in spain they love football so much they even call soccer football. im becoming aware of the fact that boredom and laziness are social norms, that ive felt pressured to supress my excitement and set lazier goals. I TRAINED MY SON TO EAT OUT OF MY HAND SINCE HE WAS A TODDLER. IT’S RLY STARTING TO FUCK WITH HIM NOW HE’S 15. if i dont get verified soon on twiter im gona have an identity crisis about whether or not i am actually me. i’ll sleep when im IRL. is “charlie” short for charizard, or charmander? i am falling asleep to emo songs on a litle sofa in montreal. i dont feel proud of myself in terms of talent or even hard work but i am proud that i havent given up. i want youre life to be better because im in it (9)

            As you can see, this piece possesses all of the alt-lit tropes listed on page 4. Though it does not explicitly utilize the “I want to…” trope, we can see it in the line, “I am falling asleep to emo songs…” A more explicit example can certainly be found in another poem from IF U DON’T LOVE THE MOON: “I WANT TO PEE FOR AN HOUR AND A HALF AND THEN DIE” (Roggenbuck 18). And for good measure, here is another example from Megan Boyle’s book, selected unpublished blog posts of a mexican panda express employee: “i want to own a warehouse that stores all the empty dolphin tanks and cigarette butts of the world” (Boyle 83). These are two of the five I identify in my previously published essay on alt-lit, but there are several more examples to be found throughout the genre. It’s the most interesting trope of the genre because of how odd it is; I attempted to explain it as such:

This trope might be the most important aspect of alt-lit in regards to the genre functioning as the “voice” of a particular generation. These absurd longings, when taken alongside the mundanity of these authors’ lives and coupled with the fixation on consumption, can be argued to illustrate the complete lack of meaning these authors, and perhaps by extension their entire generation, possess. (“Alt-Lit”)

            The other writers I explored in my essay used all of the tropes listed above but were much more restrained than Roggenbuck. Roggenbuck is a good example of what alt-lit is because of the extreme nature of his work. Other big alt-lit names are Mira Gonzalez, Gabby Bess, and Megan Boyle. Megan Boyle wrote one of the most famous pieces of alt-lit titled, “everyone i’ve had sex with.” This piece is important because it embodies the current trend in Instapoetry of placing honesty and sincerity above all else. The piece is essentially a list describing every sexual partner they have had and what their experience was like. The writing is plain and ordinary; it reads like a diary entry:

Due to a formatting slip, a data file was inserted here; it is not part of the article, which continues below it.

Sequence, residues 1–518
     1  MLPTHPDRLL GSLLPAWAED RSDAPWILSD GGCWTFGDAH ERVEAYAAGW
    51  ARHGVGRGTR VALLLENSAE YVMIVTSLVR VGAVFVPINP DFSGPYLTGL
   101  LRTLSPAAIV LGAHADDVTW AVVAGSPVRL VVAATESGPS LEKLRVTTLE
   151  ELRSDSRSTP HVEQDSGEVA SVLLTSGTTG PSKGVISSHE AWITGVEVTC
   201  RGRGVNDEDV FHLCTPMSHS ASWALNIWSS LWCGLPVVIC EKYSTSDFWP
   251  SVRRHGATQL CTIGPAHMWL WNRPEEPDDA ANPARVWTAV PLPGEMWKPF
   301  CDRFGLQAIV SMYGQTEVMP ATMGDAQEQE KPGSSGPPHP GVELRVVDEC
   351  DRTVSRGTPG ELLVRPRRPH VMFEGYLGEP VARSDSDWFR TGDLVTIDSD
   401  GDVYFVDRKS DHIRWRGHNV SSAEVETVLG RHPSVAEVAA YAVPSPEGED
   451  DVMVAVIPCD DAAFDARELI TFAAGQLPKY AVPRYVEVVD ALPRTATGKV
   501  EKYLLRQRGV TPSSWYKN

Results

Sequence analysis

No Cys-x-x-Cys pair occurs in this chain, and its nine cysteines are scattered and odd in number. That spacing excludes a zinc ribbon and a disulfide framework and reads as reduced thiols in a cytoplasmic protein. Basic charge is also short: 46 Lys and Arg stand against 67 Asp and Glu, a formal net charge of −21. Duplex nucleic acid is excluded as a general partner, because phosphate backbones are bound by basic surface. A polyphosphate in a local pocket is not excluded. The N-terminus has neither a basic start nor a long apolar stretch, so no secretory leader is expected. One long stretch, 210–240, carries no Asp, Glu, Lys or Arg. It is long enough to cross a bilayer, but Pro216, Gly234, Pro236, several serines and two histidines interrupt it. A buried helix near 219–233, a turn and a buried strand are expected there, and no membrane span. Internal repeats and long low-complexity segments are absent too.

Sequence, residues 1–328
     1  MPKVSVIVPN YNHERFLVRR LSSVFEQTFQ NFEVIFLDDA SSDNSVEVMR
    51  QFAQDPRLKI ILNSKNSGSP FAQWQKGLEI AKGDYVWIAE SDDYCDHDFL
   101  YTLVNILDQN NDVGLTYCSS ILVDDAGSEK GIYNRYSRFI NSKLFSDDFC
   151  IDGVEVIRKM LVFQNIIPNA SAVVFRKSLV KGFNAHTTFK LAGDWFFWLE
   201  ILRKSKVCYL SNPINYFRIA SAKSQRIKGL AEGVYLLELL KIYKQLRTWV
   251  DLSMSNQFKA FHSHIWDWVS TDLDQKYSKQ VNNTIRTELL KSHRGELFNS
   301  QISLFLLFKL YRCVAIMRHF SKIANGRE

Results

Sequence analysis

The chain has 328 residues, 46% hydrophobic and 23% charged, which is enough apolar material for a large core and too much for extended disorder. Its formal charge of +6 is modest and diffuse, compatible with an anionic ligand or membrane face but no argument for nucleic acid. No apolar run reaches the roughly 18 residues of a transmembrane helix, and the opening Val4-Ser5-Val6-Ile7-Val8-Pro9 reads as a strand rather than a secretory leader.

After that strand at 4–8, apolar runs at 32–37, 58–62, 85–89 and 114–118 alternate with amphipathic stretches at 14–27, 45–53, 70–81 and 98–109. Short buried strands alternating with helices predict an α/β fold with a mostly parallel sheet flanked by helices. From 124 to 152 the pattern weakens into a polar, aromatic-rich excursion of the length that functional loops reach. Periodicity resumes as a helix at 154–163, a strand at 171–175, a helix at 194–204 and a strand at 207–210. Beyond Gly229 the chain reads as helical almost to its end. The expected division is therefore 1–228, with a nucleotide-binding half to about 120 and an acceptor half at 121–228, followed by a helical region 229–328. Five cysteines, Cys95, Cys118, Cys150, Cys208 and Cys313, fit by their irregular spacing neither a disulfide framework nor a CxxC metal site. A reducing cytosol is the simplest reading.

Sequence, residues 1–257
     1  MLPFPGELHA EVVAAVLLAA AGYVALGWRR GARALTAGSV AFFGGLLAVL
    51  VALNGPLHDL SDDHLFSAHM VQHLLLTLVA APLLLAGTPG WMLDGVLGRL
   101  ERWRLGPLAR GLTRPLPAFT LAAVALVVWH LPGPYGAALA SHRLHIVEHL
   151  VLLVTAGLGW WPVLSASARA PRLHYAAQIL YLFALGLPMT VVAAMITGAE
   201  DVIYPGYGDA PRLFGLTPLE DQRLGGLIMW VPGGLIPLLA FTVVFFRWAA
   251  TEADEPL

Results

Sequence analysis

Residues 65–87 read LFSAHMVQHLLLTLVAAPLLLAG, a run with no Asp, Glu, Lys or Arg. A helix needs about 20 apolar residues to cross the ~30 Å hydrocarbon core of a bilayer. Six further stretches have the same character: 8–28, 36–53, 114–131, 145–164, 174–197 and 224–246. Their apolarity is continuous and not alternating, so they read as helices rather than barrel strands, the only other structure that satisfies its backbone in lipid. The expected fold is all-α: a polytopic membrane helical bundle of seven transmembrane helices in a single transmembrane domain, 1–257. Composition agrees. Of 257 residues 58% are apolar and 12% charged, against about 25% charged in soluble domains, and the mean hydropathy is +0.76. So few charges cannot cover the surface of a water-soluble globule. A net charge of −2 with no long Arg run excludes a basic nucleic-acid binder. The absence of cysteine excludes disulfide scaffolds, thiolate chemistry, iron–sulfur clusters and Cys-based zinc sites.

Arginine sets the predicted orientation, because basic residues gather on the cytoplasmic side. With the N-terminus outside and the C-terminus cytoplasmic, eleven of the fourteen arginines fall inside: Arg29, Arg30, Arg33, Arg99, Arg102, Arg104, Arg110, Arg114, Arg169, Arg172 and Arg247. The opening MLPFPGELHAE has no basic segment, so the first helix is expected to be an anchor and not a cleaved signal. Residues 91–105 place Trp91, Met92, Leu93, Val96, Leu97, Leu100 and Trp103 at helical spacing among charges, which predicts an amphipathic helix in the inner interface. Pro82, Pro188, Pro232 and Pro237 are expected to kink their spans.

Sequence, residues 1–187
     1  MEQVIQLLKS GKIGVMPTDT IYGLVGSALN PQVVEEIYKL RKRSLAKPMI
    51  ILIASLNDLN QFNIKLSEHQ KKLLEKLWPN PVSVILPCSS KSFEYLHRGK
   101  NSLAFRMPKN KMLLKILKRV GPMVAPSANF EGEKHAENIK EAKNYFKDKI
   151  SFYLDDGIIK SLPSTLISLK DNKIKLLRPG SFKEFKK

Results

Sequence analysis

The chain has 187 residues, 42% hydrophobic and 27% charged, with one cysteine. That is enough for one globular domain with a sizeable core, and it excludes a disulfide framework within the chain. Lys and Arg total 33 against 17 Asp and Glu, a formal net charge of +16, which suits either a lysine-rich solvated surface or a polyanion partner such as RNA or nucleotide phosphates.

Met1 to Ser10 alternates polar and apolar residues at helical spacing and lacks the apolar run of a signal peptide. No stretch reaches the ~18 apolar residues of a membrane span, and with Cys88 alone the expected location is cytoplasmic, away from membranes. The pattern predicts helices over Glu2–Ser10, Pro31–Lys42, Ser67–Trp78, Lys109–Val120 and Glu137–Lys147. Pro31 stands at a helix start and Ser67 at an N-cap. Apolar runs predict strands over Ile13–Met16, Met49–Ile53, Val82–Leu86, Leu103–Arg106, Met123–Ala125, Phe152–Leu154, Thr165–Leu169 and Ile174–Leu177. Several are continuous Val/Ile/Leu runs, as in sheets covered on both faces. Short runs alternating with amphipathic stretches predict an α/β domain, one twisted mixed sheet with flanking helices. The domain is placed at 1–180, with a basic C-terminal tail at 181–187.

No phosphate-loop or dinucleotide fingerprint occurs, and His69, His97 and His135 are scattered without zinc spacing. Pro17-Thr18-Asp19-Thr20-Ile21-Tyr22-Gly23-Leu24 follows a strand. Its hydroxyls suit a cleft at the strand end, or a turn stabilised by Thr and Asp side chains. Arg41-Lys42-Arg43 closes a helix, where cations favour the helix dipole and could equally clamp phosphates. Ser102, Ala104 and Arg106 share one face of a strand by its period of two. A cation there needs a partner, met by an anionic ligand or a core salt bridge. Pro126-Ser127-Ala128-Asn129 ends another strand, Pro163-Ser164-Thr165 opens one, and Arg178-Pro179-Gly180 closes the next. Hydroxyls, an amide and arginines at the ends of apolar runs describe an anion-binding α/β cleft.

anthony: i visited my former college to go to homecoming with my old friends and met anthony while dancing. he was a freshman and it was his first time. he was a really good kisser. i bought him and his friends a handle of gin (they paid me back) and we played card games in my old dorm. it was nice. i wanted him to be sure he wanted his first time to be with a stranger. he said he did. i left right after it happened. we used a condom (Boyle, loc-150)

            Notice the lack of punctuation and the absence of a period at the end. Being open and honest is another trope of alt-lit and one I believe influenced Instapoetry. Alt-lit’s persistence on honesty results in works that often feel voyeuristic. Not only are there explicit mentions of sex, but descriptions of everyday personal moments; as in the poem, “today my alarm went off at 12:30 pm” by Mira Gonzalez:

                        I stayed in bed for over an hour

                        looked at things on my phone

                        I felt slightly anxious about nothing particular

                        I walked downstairs and poured coffee into a jar

                        I asked a person on the internet if I should take drugs

                        I took drugs before the person had time to respond (45)

            After reading several collections of alt-lit, I felt like I knew the authors behind the works because through their writing I’ve witnessed so many quotidian yet intimate moments of their lives. This idea of a reader feeling like they personally know the author is also an essential aspect to the genre of Instapoetry.

            The alt-lit community imploded in the early ’10s when several women came forward and reported prominent male authors and editors in the community for rape and sexual harassment. While the women of alt-lit did not go on to become Instapoets, there’s no denying alt-lit’s influence on the genre of Instapoetry. Both stemmed from social media platforms, and the tropes of Instapoetry are in direct contrast with the tropes of alt-lit. While alt-lit engaged with meaningless sex, drugs, alcohol, and misogyny, Instapoetry promotes wellbeing, self-care, romantic love, and feminism. The positivity and romanticism found in Instapoetry can help us understand its broad appeal, which we will begin to explore in the next part of this series.

You can follow Ada Wofford on their Twitter: @AdaWofford.

Let’s Talk: Rupi Kaur, Instapoetry, and The Academy

Ada Wofford, Senior Editor
April 7th, 2021

Part One: Introduction